United States Court of Appeals, District of Columbia Circuit
September 20, 2018
from the United States District Court for the District of
Columbia (No. 1:15-cv-00324)
D. Alderman III argued the cause and filed the briefs for
H. Walker, Assistant U.S. Attorney, argued the cause for
appellee. With him on the brief were Jessie K. Liu, U.S.
Attorney, and R. Craig Lawrence, Assistant U.S. Attorney.
Before: Garland, Chief Judge, and Rogers and Griffith,
Griffith, Circuit Judge.
2012, the Congressional Office of Compliance determined that
the Architect of the Capitol unlawfully transferred appellant
Sunday Iyoha because of his national origin. Iyoha now claims
that the same unlawful discrimination was at play when he was
denied promotions in 2014 and 2015. The district court
granted summary judgment for the Architect, but we reverse in
part because a reasonable jury could agree with Iyoha on his
discrimination claims. We affirm the grant of summary
judgment against his retaliation claims.
Iyoha was born in Lagos, Nigeria. He grew up speaking Eshan,
his parents' native language, but learned English in
primary school and moved to the United States at age 29, in
1995. He has worked in the Architect's Information
Technology Division (ITD) since 2008.
2011, Jay Wiegmann was hired as the Architect's Chief
Information Officer (CIO). Shortly after taking over,
Wiegmann stopped taking in-person briefings from Iyoha, and
allegedly told his staff at a meeting that he was glad that
Iyoha had decided to communicate with him using email because
he could not understand Iyoha's foreign accent when he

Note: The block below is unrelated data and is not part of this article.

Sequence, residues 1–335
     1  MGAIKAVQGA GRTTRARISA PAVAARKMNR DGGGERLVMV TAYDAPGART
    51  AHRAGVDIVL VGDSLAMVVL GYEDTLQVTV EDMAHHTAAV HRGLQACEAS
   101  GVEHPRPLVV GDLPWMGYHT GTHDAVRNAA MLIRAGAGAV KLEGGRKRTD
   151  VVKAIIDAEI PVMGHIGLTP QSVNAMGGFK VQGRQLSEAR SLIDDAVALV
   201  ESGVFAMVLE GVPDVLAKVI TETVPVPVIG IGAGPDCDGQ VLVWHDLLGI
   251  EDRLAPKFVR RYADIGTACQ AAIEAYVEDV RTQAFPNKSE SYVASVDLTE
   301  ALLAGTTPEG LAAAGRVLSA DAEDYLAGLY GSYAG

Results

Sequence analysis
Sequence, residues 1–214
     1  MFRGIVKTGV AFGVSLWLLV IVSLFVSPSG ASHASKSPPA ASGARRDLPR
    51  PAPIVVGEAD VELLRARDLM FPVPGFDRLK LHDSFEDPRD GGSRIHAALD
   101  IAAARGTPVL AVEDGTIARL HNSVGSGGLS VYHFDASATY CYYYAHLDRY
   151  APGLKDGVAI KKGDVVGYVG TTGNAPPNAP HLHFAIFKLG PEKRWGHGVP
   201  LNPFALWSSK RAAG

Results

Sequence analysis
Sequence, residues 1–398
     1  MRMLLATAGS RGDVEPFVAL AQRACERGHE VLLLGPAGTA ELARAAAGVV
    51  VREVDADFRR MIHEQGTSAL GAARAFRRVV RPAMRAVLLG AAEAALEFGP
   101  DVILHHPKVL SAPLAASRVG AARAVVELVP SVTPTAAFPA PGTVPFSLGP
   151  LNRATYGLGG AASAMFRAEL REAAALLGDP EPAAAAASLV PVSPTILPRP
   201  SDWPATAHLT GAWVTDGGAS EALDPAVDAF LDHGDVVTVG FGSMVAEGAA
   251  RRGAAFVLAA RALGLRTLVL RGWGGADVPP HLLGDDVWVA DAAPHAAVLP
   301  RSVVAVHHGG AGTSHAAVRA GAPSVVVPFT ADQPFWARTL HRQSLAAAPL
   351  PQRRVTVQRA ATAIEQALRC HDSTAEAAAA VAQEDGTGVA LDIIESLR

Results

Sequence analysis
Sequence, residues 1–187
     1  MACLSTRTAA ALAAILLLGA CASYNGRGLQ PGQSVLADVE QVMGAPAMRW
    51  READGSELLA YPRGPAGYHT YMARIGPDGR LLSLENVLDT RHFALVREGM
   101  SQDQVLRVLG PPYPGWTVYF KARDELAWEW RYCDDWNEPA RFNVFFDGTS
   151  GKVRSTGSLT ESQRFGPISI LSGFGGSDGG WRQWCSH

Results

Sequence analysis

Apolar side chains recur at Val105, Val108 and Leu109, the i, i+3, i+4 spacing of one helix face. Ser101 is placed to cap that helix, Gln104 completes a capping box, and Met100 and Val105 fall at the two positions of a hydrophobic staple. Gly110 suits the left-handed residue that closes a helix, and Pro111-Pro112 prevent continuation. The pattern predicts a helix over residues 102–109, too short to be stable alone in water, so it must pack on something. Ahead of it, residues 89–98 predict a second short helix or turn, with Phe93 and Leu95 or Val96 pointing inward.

spoke. An employee testified that Wiegmann commented multiple
times about communication problems purportedly caused by
employees who "don't speak English as their first
language," asking "what can you expect?" J.A.
344-45. When someone raised a concern about these comments,
he replied "So sue me. We can't have people like
that as our first-line communicators." Id.
Wiegmann denies making these and other comments about people
with foreign accents. Because this appeal arises from a grant
of summary judgment for the Architect, however, we ask only
whether "viewing the evidence in the light most
favorable to [Iyoha] and drawing all reasonable inferences
accordingly," "no reasonable jury could find in
[Iyoha's] favor." Steele v. Mattis, 899
F.3d 943, 947 (D.C. Cir. 2018). We therefore resolve "he
said, she said" evidentiary disputes in favor of the
non-movant, and assume for the purposes of this appeal
"that [the employer] made those statements."
Id. at 950.
October 2012, Iyoha was reassigned out of a position in the
Production Management Branch of the ITD to a position with
the same pay and at the same level in a different branch. The
move was part of a larger realignment in the division, and
several other Architect employees and contract workers who
spoke with foreign accents were removed from positions that
involved dealing with customers.
largely on Wiegmann's comments, Iyoha filed a complaint
with the Office of Compliance alleging that he was reassigned
because of bias against people with foreign accents. A
hearing officer ruled in Iyoha's favor, finding that the
reorganization "was [not] an established plan at all,
other than to move those with foreign accents to less
customer-facing positions," and concluded "that the
circumstances of [Iyoha's] reassignment create an